This opinion will be unpublished and
may not be cited except as provided by
Minn. Stat. § 480A.08, subd. 3 (2000).
STATE OF MINNESOTA
IN COURT OF APPEALS
State of Minnesota,
Kevin Demarco Washington,
Filed November 19, 2002
Ramsey County District Court
File No. K302787
Mike Hatch, Attorney General, 525 Park Street, Suite 500, St. Paul, MN 55103; and
Susan Gaertner, Ramsey County Attorney, Darrell C. Hill, Assistant County Attorney, 50 West Kellogg Blvd., Suite 315, St. Paul, MN 55102 (for respondent)
John M. Stuart, State Public Defender, Jodie Lee Carlson, Assistant State Public Defender, 2829 University Avenue S.E., Suite 600, Minneapolis, MN 55414 (for appellant)
Considered and decided by Kalitowski, Presiding Judge, Klaphake, Judge, and Harten, Judge.
Appellant Kevin Washington, on supervised release as an extended jurisdiction juvenile for an aggravated robbery conviction, appeals the execution of his stayed sentence following a revocation hearing. Because Washington violated the provisions of the disposition order and there were no mitigating factors justifying continuation of the stay, the district court did not abuse its discretion in ordering execution of the sentence and we affirm.
A court must sentence a child who pleads guilty under Minn. Stat. § 260B.130 (2000) (Extended Juvenile Jurisdiction statute) to both a juvenile disposition and an adult criminal sentence. Id. at subd. 4. The adult criminal sentence is stayed on condition that the child does not violate the provisions of the disposition order and does not commit a new offense. Id. If the court finds that the child has violated the conditions of probation or committed a new offense, the court “must order execution of the previously imposed [adult] sentence unless the court makes written findings regarding the mitigating factors that justify continuing the stay.” Id. at subd. 5. A district court’s decision to revoke the stayed adult criminal sentence is reviewed under an abuse of discretion standard. In re Welfare of J.K., 641 N.W.2d 617, 621 (Minn. App. 2002).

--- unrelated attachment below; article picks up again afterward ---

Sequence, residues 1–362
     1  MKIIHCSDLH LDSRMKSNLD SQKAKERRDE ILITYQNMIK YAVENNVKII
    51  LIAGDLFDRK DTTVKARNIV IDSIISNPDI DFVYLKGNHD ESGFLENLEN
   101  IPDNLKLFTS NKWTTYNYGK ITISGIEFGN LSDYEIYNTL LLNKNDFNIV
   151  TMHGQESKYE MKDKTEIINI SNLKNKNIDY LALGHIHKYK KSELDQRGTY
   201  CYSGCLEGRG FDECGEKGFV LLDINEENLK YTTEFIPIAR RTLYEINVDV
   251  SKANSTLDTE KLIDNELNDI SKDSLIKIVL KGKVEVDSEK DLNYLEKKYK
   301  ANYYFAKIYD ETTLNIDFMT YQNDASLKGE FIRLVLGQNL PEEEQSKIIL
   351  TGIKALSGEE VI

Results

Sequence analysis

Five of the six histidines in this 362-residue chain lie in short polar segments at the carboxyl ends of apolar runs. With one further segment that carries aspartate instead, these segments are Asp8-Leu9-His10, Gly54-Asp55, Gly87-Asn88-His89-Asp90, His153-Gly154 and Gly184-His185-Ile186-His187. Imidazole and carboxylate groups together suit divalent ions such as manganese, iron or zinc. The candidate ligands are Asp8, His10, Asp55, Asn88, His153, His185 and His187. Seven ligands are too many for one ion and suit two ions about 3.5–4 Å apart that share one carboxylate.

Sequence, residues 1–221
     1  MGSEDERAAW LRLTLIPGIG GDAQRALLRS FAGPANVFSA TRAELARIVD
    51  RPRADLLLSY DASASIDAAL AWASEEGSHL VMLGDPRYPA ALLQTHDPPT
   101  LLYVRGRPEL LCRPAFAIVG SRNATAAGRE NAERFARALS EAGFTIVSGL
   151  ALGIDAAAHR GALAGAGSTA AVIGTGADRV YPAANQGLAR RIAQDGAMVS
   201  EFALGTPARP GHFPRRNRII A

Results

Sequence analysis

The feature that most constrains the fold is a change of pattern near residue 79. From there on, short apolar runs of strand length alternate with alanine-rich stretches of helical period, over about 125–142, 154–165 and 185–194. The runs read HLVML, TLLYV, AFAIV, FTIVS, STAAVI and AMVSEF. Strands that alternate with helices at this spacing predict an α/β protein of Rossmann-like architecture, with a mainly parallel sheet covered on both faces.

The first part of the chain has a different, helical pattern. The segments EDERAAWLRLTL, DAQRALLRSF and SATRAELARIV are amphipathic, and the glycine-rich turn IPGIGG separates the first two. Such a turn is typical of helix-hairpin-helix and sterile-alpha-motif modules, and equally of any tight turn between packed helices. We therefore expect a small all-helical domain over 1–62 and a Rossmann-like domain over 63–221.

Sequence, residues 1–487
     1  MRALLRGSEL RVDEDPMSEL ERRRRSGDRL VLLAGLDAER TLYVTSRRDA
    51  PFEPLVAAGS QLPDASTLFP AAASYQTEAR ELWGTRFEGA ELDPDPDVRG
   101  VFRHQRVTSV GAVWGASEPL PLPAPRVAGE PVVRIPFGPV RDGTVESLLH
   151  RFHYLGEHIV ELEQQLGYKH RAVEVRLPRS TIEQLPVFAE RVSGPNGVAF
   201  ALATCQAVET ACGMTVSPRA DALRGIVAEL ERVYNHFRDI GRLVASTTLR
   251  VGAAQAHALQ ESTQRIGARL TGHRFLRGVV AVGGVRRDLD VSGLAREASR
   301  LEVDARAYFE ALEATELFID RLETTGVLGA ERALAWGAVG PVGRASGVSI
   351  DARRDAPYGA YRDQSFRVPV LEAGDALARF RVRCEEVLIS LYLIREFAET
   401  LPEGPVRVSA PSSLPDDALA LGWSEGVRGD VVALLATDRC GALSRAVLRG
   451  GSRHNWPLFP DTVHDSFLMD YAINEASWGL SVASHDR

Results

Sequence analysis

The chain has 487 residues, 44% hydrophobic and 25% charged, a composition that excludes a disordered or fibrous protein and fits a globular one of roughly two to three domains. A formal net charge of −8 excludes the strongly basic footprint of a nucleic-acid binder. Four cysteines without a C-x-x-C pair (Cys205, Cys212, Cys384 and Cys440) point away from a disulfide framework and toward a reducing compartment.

The district court stayed execution of Washington’s adult sentence on the condition that he maintain weekly contact with his probation agent. He was specifically told that this was an important condition of the stay, and that failure to maintain contact would result in revocation of the stay. Despite this and the additional warnings of his probation agent, Washington failed to maintain contact over a four-month period of time. He was also charged with an additional offense during this time, constituting another violation of the stay conditions. Washington’s explanation, essentially that he was too busy to contact the probation agent, is not a mitigating factor.
The district court stated, and we agree, that “[Washington] does need to be held accountable for his mistakes and he needs to take responsibility for his mistakes.” The district court did not abuse it discretion in revoking the stayed sentence.